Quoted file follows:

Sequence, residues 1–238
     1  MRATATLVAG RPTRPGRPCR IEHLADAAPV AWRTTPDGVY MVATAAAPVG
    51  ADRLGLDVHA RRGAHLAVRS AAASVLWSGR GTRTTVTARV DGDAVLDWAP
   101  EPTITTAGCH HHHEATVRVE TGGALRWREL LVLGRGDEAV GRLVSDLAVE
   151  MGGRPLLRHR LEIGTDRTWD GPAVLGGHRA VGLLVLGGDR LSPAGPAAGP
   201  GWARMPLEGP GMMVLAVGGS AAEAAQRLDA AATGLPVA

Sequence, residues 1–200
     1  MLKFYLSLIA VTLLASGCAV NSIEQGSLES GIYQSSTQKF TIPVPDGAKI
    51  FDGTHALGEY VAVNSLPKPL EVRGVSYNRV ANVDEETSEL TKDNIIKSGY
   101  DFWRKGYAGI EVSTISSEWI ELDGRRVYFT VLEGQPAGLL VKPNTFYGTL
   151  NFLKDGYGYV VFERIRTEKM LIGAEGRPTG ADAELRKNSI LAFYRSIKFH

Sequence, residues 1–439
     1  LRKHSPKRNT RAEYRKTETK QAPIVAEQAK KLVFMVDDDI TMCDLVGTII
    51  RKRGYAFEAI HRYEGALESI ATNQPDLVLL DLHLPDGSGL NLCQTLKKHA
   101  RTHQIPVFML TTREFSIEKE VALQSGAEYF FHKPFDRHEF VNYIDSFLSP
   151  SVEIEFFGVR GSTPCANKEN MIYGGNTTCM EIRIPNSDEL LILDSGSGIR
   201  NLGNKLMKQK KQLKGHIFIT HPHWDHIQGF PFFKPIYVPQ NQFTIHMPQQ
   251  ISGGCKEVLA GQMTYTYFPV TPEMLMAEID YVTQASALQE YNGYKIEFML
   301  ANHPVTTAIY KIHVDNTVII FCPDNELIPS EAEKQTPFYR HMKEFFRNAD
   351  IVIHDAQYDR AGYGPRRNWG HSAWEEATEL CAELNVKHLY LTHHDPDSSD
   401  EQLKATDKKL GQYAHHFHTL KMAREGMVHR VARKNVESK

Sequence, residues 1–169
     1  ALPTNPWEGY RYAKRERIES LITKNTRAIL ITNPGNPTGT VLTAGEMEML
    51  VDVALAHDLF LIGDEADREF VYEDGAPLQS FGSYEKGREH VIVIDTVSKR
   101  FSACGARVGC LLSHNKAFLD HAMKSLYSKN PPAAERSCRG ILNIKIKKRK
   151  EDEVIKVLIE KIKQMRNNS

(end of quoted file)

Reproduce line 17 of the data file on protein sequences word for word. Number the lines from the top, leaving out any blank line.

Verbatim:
   201  NLGNKLMKQK KQLKGHIFIT HPHWDHIQGF PFFKPIYVPQ NQFTIHMPQQ